Most patients who must stay in an acute care facility for an extended period do not have a rosy prognosis. And most people know very little about these specialized care centers. But thanks to an aging population, and the fact that medicine is very good at keeping people alive in the intensive care unit (ICU), the long-term acute care population will grow well beyond the current estimate of 380,000 patients.
These are highly dependent patients who survive the ICU, but aren’t well enough to go home or to a rehabilitation facility. According to a recent story in the New York Times called “At These Hospitals, Recovery Is Rare, but Comfort Is Not,” long-term acute care is “where you go when you survive but you don’t recover.”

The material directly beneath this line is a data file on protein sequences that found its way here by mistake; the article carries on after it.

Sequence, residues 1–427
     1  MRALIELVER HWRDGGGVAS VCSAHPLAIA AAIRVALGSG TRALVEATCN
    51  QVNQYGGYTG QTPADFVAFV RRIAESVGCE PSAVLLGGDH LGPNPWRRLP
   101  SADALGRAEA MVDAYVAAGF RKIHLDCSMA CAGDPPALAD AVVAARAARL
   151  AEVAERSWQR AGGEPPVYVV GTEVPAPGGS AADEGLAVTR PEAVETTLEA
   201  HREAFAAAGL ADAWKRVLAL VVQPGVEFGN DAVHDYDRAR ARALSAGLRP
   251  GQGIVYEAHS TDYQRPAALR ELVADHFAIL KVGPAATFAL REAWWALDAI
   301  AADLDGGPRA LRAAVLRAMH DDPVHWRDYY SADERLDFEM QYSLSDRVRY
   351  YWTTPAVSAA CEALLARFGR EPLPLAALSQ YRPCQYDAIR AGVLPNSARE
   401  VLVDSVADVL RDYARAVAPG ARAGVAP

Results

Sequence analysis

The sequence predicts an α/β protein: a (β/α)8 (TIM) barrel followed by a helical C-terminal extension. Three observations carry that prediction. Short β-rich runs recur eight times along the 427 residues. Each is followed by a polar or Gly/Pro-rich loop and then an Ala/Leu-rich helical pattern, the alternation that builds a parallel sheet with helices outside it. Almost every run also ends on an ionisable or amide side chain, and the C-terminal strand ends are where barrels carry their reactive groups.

In a profile of the Hospital for Special Care, one of 400 long-term acute care facilities in the U.S., The Times describes critically ill people who might live here for months or years, dependent on a respirator and, often, feeding tubes. Younger people sometimes recover, others won’t.
The cost is huge and the patient population has more than tripled in the last 10 years. We – practitioners, policymakers, consumers – are going to have to pay attention to this segment of the health-care industry, and grapple with how best we can deliver and accept this kind of end-of-life care.
Read the whole story here.